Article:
This article analyses the role and content of proportionality under contemporary international law governing the use of force, with a view to clarifying the legal framework governing the conduct of the parties to an armed conflict. In the system of jus ad bellum, protection is primarily granted to the interest of the attacked state in repelling the attack; the other competing interests are considered only to curtail the choice of the means to be employed in order to achieve that aim. Conversely, in the system of jus in bello there is by definition no prevailing interest, but instead a variety of interests and values which are entitled to equal protection of the law and must be balanced against each other. The existence of two distinct normative systems, with distinct standards of legality applicable to the same conduct, does not as a rule give rise to major problems. The legality of recourse to force is measured against the proportionality of self-defence, whereas individual actions would have to conform to the requirement of proportionality in jus in bello. However, beyond the large area in which these two standards overlap, there might be situations in which the strict application of the jus ad bellum standard makes it impossible to achieve the aims of jus in bello. In these cases, the proportionality test under jus in bello must be regarded as part of the proportionality test under jus ad bellum. States must thus take humanitarian implications into account in determining the level of security they may seek to obtain using military action.
Discusses theory of proportionality in responding to aggression in international affairs, between nation-states and in dealing with terrorists who do not recognize international law; focus on Sept. 11, 2001 terrorist attacks.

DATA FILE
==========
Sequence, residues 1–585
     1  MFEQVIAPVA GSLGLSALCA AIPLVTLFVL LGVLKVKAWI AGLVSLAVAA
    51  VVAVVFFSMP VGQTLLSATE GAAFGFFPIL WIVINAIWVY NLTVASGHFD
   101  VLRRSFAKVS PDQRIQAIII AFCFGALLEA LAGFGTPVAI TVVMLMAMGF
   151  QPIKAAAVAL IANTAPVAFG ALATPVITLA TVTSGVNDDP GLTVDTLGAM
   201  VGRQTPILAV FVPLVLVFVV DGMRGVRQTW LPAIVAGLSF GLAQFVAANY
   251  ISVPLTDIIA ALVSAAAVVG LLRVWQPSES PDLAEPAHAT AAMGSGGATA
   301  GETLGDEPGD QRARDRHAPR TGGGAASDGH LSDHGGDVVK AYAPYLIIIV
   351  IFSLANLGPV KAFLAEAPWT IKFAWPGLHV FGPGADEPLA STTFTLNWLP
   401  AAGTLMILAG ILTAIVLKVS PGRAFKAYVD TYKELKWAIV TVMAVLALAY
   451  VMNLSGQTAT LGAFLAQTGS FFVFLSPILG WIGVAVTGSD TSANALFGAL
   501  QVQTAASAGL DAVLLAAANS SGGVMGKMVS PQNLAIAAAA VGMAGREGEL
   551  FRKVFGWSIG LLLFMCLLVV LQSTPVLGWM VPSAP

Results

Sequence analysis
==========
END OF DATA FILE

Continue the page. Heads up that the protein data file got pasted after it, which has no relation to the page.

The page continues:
Liability, proportionality, and the number of aggressors -- The lesser evil obligation -- Human rights, proportionality, and the lives of soldiers -- Resolving the responsibility dilemma -- Duress and duty -- Can states be corporately liable to attack in war? -- Targeting Al Qaeda: law and morality in the us war on terror -- Adil Ahmad Haque -- Double effect and the laws of war -- Beyond the paradigm of self-defense? on revolutionary violence -- War's endings and the structure of just war theory -- Moral recovery after war: the role of hope
This article analyses the jus in bello proportionality standard under international humanitarian law to assist judge advocates and practitioners in achieving a measure of clarity as to what constitutes 'excessive' collateral damage when planning or executing an attack on a legitimate military objective when incidental harm to civilians is expected. Applying international humanitarian law, the author analyses existing US practice to evidence the need for states to adopt further institutional mechanisms and methodologies to clarify targeting principles and proportionality assessments. A subjective-objective standard for determining 'excessive' collateral damage is proposed, along with a seven-step targeting methodology that is readily applicable to the US, and all other state and non-state actors engaged in the conduct of hostilities.